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A worker dries quinoa grains at Irupana Plant in El Alto, La Paz, Boliva, in this photo from 2011. (REUTERS)
A worker dries quinoa grains at Irupana Plant in El Alto, La Paz, Boliva, in this photo from 2011. (REUTERS)

LENORE NEWMAN

What a bit of R&D could reap: A prairie brimming with quinoa Add to ...

Could a South American grain soon be blooming on Canada’s prairies? Quinoa, the grain with the unpronounceable name (Kin-wah) and the subtle nutty flavour, has tripled in value over the five years as people around the globe enjoy this high protein and low fat alternative to better-known grains.

The price of quinoa has tripled in the last five years, bringing economic prosperity to growers in Bolivia and Peru, but making it difficult for residents of the Andes to afford their traditional grain. The issue exploded in the news recently when The Guardian published an article blaming vegans in the industrialized world for hunger in the Andes.

Though quinoa is an excellent vegan option as it contains a wide range of amino acids, it is also popular with people looking for gluten-free options. Twitter and the blogosphere have been abuzz with the issue; are vegans causing Peruvians to go hungry? Does the economic gain of selling quinoa on the global market offset cultural disruption? The unspoken assumption in the discussion this week has been that quinoa will only grow in the Andes; this is not the case. Canadian farmers can grow quinoa, and indeed are doing so.

Quinoa is a very robust crop, tolerating poor soils and extremes of temperature, and it grows well on the Canadian prairie. An extensive 2005 Albert government report called quinoa a “Cinderella grain” that could, if prices continued to rise, prove highly profitable to Canadian farmers. They note that for industrial production to occur, higher yielding varieties of quinoa will be needed, but they suggest quinoa as a possible crop for smaller farmers who can afford to experiment with new varieties and techniques. Once Canadian farmers perfect their techniques for growing quinoa, they can easily meet world supply, allowing prices to decline. Quinoa could be a needed good news story for Canada’s agricultural industry. These good news stories however, will not happen without a healthy agricultural research climate.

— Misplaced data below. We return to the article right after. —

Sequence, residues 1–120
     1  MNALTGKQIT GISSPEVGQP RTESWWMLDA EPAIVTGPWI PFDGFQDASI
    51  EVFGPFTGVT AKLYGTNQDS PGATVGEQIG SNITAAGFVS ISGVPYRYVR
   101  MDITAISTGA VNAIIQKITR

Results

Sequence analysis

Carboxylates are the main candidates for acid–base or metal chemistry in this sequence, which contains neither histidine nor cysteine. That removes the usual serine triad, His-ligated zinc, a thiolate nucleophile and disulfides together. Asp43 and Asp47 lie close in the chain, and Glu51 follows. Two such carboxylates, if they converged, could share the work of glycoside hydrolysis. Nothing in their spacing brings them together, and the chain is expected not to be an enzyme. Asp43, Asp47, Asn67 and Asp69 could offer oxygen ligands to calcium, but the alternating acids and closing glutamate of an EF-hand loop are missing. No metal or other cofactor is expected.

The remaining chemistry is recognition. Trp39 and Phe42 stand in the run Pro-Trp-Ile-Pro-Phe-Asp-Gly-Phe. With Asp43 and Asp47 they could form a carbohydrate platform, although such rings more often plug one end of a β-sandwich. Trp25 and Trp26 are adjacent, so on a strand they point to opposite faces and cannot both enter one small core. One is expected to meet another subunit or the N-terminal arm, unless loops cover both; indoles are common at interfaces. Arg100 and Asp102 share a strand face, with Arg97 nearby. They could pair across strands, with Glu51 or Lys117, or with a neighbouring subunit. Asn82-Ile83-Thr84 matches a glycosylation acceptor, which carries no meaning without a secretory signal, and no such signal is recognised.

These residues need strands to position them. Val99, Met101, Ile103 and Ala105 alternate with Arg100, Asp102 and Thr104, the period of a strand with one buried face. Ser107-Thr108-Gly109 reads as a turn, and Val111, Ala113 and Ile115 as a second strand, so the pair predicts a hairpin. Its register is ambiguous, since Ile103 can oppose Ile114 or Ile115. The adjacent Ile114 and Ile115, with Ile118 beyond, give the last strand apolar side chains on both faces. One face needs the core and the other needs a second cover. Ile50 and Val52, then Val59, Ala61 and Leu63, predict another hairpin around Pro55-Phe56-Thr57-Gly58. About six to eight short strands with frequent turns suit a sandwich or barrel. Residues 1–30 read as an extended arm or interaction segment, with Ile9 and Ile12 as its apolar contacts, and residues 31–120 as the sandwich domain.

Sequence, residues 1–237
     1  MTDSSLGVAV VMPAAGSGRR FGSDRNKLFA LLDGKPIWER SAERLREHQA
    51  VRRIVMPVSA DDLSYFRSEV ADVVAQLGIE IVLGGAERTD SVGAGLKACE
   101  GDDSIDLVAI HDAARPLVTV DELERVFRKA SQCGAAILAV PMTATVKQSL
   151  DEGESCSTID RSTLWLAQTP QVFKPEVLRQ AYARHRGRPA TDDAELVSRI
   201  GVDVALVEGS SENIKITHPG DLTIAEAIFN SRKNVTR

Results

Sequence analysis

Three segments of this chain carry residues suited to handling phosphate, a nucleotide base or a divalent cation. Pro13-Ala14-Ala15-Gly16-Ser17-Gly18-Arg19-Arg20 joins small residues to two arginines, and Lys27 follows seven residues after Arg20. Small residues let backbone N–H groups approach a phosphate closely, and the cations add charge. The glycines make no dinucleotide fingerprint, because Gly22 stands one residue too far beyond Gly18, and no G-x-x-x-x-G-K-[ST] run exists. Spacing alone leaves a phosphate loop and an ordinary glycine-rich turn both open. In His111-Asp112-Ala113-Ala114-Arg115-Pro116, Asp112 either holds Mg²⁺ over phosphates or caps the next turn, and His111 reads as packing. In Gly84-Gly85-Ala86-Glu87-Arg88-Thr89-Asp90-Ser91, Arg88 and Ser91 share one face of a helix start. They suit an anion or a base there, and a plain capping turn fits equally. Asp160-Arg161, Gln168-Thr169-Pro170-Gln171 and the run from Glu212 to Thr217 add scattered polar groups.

Canada’s ability to identify potential crops and create new hybrids suitable for Canadian farms is under attack. Canadian universities are suffering from annual across-the-board cuts, and agricultural research, which is expensive and time consuming, is often the first area to go. In addition, there is an ongoing conversation about whether research dollars should be focussed on so called “top tier” universities, with little thought to where those institutions are located. These large research institutions are overwhelmingly located in urban areas, and most of them no longer even offer agricultural programs.

Excellent work is still being done at our smaller schools, but Canada’s rural agricultural universities are in danger of being left behind. Outside of the academy, government funded research is also disappearing; Agriculture Canada has suffered through years of cuts, and B.C.’s Food Innovation Centre in Chilliwack was forced to close its doors last November after its funding was cut by the federal and provincial governments, leaving a research gap one of Canada’s most important agricultural regions.

Agriculture is often portrayed as a conservative industry where change occurs over centuries. This image of red barns and haystacks is a poor representation of a high technology, global industry that survives on constant innovation and experimentation. Canada may emerge as a major quinoa producer, and if so we will have a once-vibrant research culture to thank. The crops of tomorrow will only succeed if we invest in research today.

Lenore Newman is Canada Research Chair, food security and environment at the University of the Fraser Valley

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